In Slovyansk, heavily armed gunmen seized a nearby airfield, which they claim had been used by government forces Sunday.

The head of the self-proclaimed Slovyansk Self-Defense Force, Vyacheslav Ponomarev, appealed to Moscow for help.

"Respected president of the Russian Federation,” he said, “we urge you to personally pay attention to the current situation and help us as your powers and possibilities permit.”

Western governments say Russia already is behind the protests. Military observers say the protesters’ modern weaponry is identical to that used by the Russian military.

Moscow denies involvement.

In Kyiv, frustrated Ukrainians took to the streets to demand the government take action against separatists in the east.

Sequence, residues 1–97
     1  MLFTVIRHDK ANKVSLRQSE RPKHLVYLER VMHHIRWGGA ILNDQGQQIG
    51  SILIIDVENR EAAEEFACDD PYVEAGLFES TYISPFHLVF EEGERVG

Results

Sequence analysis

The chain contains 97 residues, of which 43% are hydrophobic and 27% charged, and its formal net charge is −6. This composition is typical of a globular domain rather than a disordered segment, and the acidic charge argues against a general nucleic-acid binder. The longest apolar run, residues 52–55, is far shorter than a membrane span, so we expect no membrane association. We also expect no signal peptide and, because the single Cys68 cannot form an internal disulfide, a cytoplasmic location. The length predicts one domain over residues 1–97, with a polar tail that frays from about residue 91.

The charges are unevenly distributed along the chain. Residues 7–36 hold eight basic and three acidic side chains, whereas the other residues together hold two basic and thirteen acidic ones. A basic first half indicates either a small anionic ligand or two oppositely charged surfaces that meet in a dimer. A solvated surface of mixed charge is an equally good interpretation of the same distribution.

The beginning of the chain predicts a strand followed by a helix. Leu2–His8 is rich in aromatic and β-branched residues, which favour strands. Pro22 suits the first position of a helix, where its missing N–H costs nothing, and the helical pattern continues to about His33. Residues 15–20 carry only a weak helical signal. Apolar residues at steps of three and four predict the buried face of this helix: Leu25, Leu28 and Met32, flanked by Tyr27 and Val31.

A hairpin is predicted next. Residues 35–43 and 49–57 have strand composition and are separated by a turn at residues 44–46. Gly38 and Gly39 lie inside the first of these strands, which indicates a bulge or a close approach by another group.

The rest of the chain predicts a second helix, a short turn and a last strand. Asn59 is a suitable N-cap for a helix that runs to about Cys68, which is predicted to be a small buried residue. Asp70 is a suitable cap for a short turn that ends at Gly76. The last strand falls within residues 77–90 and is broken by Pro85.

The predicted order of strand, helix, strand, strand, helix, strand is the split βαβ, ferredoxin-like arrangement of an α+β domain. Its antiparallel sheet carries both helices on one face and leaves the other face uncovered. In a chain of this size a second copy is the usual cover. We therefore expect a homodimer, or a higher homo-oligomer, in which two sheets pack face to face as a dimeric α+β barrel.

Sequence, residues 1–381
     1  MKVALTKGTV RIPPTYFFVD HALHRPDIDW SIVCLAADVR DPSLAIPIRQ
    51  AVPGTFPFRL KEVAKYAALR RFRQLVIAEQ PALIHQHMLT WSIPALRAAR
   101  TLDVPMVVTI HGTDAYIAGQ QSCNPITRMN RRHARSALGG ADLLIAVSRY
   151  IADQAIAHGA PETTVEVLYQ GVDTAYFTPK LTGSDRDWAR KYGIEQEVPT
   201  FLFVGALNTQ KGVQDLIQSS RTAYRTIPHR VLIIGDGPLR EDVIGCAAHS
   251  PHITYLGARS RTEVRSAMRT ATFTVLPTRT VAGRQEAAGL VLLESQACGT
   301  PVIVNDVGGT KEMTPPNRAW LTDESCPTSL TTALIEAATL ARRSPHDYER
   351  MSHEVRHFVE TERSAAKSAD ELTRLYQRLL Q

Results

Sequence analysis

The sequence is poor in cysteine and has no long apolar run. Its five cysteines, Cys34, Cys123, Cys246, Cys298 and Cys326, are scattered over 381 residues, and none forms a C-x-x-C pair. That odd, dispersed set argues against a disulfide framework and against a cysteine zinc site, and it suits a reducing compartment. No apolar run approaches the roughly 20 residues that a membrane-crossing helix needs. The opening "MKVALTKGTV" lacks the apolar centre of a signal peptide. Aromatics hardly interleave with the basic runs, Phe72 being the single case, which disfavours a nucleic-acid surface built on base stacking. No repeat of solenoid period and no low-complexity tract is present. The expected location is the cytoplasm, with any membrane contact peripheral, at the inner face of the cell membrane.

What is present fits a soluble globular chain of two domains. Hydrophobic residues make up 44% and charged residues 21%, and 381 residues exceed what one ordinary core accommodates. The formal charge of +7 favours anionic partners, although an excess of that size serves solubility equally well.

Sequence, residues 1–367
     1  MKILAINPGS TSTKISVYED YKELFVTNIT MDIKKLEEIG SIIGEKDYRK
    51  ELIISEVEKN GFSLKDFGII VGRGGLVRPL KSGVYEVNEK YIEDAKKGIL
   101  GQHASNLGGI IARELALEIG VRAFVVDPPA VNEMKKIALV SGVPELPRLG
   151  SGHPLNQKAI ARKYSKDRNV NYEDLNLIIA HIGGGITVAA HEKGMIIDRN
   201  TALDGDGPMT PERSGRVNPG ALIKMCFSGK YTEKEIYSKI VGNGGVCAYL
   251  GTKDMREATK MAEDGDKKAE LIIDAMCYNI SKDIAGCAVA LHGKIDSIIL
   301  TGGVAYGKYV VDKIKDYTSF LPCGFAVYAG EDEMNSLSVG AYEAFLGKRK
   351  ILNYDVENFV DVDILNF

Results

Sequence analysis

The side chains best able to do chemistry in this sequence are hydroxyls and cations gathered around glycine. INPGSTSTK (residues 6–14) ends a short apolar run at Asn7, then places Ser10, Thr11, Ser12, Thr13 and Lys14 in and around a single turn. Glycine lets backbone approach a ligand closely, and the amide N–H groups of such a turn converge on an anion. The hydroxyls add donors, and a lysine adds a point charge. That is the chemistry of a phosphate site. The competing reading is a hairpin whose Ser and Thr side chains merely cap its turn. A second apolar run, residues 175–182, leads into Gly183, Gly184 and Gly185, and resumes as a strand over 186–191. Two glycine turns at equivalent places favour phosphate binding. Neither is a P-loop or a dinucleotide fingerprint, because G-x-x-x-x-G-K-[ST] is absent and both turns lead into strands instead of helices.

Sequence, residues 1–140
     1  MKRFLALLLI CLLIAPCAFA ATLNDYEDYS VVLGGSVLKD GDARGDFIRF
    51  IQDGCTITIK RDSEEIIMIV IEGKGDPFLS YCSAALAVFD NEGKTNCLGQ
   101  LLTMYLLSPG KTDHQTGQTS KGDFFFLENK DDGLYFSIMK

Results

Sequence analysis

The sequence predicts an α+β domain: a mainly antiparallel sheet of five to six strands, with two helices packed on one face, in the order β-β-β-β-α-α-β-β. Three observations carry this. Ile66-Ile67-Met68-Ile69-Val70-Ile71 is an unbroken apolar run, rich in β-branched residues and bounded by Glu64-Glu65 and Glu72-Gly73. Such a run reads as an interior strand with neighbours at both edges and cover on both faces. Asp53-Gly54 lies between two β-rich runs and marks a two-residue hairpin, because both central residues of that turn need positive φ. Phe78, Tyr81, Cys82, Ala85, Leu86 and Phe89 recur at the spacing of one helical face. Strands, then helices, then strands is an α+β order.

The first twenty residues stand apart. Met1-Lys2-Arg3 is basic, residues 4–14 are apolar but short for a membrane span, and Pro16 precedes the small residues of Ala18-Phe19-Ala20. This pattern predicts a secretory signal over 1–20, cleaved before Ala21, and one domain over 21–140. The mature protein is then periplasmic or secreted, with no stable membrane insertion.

Acting President Oleksandr Turchynov questioned police loyalty.

“Today they are demonstrating an inability to defend citizens, and actively withstanding the terrorism and separatist movement,” he said.

However, the president held out the possibility of holding a referendum on Ukraine’s future.

That apparent concession emboldened protesters in the eastern city of Donetsk. On stage, speakers demanded a referendum while some in the crowd answered with chants of ‘Russia.’ But within the protest movement, there are disagreements.

Local resident Dima welcomed the possibility of a referendum.

“I want the referendum," he said.  "Everyone should be asked how they want to live.  Personally, I want to live in Russia.”

Another Donetsk resident, Anatoli Bitavych, disagreed.